The brestart command restarts checkpointed jobs that have stopped running.
Precendence of checkpointing options
If checkpoint-related configuration is specified in both the queue and an application profile, the application profile setting overrides queue level configuration.
If checkpoint-related configuration is specified in the queue, application profile, and at job level:
- Application-level and job-level parameters are merged. If the same parameter is defined at both job-level and in the application profile, the job-level value overrides the application profile value.
- The merged result of job-level and application profile settings override queue-level configuration.
Checkpointing MultiCluster jobs
To enable checkpointing of MultiCluster jobs, define a checkpoint directory in both the send-jobs and receive-jobs queues (CHKPNT in lsb.queues), or in an application profile (CHKPNT_DIR, CHKPNT_PERIOD, CHKPNT_INITPERIOD, CHKPNT_METHOD in lsb.applications) of both submission cluster and execution cluster. LSF uses the directory specified in the execution cluster.
Checkpointing is not supported if a job runs on a leased host.
The following example shows a queue configured for periodic checkpointing in lsb.queues:Begin Queue ... QUEUE_NAME=checkpoint CHKPNT=mydir 240 DESCRIPTION=Automatically checkpoints jobs every 4 hours to mydir ... End Queue
note:The bqueues command displays the checkpoint period in seconds; the lsb.queues CHKPNT parameter defines the checkpoint period in minutes.
If the command bchkpnt -k 123 is used to checkpoint and kill job 123, you can restart the job using the brestart command as shown in the following example:
brestart -q priority mydir 123Job <456> is submitted to queue <priority>
LSF assigns a new job ID of 456, submits the job to the queue named "priority," and restarts the job.
Once job 456 is running, you can change the checkpoint period using the bchkpnt command:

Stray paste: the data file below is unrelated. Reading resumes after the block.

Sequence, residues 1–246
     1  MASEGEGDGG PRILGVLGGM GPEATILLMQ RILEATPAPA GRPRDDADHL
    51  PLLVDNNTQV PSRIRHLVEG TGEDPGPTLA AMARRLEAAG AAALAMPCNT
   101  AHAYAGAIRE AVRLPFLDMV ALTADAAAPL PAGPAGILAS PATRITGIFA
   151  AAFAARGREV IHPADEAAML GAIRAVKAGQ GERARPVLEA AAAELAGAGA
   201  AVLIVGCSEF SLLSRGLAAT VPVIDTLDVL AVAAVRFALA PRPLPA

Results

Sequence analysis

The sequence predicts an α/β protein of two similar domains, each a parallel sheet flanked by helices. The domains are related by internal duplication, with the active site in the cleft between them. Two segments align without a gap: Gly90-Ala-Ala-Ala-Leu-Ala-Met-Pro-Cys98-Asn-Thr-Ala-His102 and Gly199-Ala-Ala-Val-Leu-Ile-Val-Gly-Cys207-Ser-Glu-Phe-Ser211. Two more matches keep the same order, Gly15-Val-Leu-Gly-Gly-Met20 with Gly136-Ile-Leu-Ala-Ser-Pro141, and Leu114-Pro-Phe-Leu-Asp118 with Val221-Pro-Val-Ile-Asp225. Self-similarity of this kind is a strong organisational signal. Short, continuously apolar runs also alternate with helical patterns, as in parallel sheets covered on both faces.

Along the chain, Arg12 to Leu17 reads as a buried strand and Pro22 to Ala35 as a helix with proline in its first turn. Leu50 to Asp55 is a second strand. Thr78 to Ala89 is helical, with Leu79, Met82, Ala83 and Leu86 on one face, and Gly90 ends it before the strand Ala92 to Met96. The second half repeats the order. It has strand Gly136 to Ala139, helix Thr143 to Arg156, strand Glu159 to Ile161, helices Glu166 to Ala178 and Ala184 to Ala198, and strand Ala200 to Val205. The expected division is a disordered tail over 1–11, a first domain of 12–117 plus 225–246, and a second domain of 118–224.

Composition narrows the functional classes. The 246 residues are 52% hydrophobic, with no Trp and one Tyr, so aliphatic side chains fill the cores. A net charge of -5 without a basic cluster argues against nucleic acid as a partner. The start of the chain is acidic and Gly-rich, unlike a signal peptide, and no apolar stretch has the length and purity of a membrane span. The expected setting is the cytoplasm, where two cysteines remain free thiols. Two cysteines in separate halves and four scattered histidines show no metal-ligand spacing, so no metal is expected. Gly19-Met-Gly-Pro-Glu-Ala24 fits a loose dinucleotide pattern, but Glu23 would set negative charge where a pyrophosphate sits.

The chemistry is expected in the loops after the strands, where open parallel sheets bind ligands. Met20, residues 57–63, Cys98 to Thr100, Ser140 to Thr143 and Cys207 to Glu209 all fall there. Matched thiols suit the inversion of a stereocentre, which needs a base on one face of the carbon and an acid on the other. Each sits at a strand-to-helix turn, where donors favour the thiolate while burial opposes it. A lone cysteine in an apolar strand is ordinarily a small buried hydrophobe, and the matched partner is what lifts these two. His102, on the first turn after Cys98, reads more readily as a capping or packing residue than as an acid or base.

bchkpnt -p 360 456Job <456> is being checkpointed
note:For a detailed description of the commands used with the job checkpoint and restart feature, see the Platform LSF Configuration Reference.
Checkpoint and restart executables
LSF controls checkpointing and restart by means of interfaces named echkpnt and erestart. By default, when a user specifies a checkpoint directory using bsub -k or bmod -k or submits a job to a queue that has a checkpoint directory specified, echkpnt sends checkpoint instructions to an executable named echkpnt.default.
For application-level job checkpoint and restart, you can specify customized checkpoint and restart executables for each application that you use. The optional parameter LSB_ECHKPNT_METHOD specifies a checkpoint executable used for all jobs in the cluster. An LSF user can override this value when submitting a job.
note:For a detailed description of how to write and configure application-level checkpoint and restart executables, see the Platform LSF Configuration Reference.
LSF can restart a checkpointed job on a host other than the original execution host using the information saved in the checkpoint file to recreate the execution environment. Only jobs that have been checkpointed successfully can be restarted from a checkpoint file. When a job restarts, LSF performs the following actions: